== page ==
Off-target analysis was performed using a bioinformatics-based search tool to select potential off-target sites, which were evaluated using the T7E1 mutation detection assay (data not shown). Sanger sequencing was used to confirm the gene modification frequencies for the CRISPR/Cas9 systems, including guide strand R-02 at GRIN3A (Supplementary Figure S1b, Table 1).
To assay for gross chromosomal deletions, genomic DNA from cells transfected with R-03 was amplified using the HBD forward primer and the reverse primer downstream of the HBB site. Genomic DNA from cells transfected with R-25 or R-30 were similarly amplified using the CCR2 forward and the CCR5 reverse primers. Agarose gels were used to confirm that the polymerase chain reaction (PCR) product sizes were consistent with chromosomal deletions between these sites (not shown). The R-03, R-25 and R-30 PCR products were cloned and the individual colonies Sanger sequenced and aligned.
We quantified and compared the on- and off-target cleavage by the CRISPR/Cas9 systems targeting HBB and CCR5, with special attention placed on the effects of mismatches between the guide strands and the complementary target sequences. This allowed a direct evaluation of the impact of the location and number of mismatches within the 12 bases nearest the PAM region, as well as those in the PAM region (that usually match the canonical NGG motif) (Table 1) on potential off-target activities (8,20). We found that the CRISPR/Cas9 systems targeting the human HBB and CCR5 genes had significant off-target cleavage activities, especially at the HBD and CCR2 genes, which have high sequence homology with HBB and CCR5, respectively.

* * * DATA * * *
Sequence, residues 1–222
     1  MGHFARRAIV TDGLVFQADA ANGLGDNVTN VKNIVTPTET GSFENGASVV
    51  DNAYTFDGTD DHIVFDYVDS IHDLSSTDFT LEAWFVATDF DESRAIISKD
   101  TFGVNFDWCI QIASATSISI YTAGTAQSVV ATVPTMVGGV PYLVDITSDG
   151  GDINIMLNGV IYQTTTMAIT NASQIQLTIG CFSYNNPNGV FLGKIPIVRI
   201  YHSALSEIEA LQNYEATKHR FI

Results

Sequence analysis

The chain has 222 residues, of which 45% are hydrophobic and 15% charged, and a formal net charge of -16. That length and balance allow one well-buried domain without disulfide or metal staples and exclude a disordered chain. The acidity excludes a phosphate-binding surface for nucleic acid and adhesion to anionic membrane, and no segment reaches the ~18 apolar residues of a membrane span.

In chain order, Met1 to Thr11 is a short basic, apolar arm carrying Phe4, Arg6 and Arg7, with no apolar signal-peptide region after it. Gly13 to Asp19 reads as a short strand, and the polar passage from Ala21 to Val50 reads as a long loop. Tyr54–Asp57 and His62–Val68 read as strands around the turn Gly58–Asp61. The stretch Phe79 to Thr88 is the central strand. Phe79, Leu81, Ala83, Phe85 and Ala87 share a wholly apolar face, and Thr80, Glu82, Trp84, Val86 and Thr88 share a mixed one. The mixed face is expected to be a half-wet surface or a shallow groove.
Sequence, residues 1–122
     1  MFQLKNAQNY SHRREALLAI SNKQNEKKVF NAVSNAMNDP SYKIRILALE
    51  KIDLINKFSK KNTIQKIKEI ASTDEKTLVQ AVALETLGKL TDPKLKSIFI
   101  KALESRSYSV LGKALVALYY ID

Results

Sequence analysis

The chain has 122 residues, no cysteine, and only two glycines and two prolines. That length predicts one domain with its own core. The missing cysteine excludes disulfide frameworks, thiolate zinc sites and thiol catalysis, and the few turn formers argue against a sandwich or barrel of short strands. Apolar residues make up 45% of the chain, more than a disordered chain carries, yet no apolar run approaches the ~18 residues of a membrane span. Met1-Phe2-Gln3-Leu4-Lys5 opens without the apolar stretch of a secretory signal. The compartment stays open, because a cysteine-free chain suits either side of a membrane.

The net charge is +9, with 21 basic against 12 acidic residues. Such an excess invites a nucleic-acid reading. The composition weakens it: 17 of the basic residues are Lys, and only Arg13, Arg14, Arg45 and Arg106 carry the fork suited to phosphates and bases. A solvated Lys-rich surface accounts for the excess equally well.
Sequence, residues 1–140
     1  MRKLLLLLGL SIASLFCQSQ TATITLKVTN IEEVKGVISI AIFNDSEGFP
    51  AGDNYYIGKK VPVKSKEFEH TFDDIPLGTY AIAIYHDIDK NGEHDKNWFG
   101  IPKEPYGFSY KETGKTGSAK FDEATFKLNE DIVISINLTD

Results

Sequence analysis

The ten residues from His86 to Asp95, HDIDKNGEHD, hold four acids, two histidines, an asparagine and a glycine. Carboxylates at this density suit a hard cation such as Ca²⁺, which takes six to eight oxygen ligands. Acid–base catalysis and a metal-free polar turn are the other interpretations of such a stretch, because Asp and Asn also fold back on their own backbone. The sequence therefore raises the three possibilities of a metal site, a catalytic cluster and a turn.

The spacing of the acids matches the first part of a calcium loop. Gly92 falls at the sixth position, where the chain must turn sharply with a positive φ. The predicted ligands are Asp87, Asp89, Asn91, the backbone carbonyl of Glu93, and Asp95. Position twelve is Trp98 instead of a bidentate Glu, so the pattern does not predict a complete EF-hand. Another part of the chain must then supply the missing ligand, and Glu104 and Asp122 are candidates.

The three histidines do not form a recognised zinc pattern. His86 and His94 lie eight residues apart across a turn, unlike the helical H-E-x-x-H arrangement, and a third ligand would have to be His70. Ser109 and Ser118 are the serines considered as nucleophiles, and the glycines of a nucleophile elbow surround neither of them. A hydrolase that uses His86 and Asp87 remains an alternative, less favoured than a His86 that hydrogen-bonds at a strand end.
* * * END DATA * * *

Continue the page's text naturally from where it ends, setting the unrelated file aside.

Table 1 summarizes the on- and off-target cleavage rates in which, for each CRISPR/Cas9 system, the complementary sequence of the guide strand, the number of mismatches within the guide strand and the name and genetic region of the on- and off-target activities are provided. Specifically, in Table 1, the third and fourth columns list, respectively, the indel percentages determined by Sanger sequencing and T7E1.
Guide strands directed toward HBB resulted in high rates of on-target activity, with an average mutation frequency of 54% measured by the T7E1 assay (Figure 1c, Supplementary Figure S2). Because the T7E1 assay may not cleave the PCR product completely and assumptions must be made about the indel diversity to calculate the mutation percentages (21), we verified the mutation frequencies using Sanger sequencing. We found that for some guide strands and loci, Sanger sequencing gave much higher mutation frequencies than the T7E1 measurements. For example, Sanger sequencing of the HBB loci indicated that R-02 and R-03 resulted, respectively, in 60 of 80 (75%) and 31 of 44 (70%) sequences with insertions or deletions (indels) indicative of the error-prone nonhomologous end-joining (NHEJ) DNA repair pathway (Supplementary Figure S1a, Figure 3a). Similarly, HEK-293T cells transfected with CRISPR constructs containing guide strands targeting CCR5 resulted in high rates of on-target activity, with an average of 57% mutation frequency measured by the T7E1 assay (Figure 2c, Supplementary Figure S2).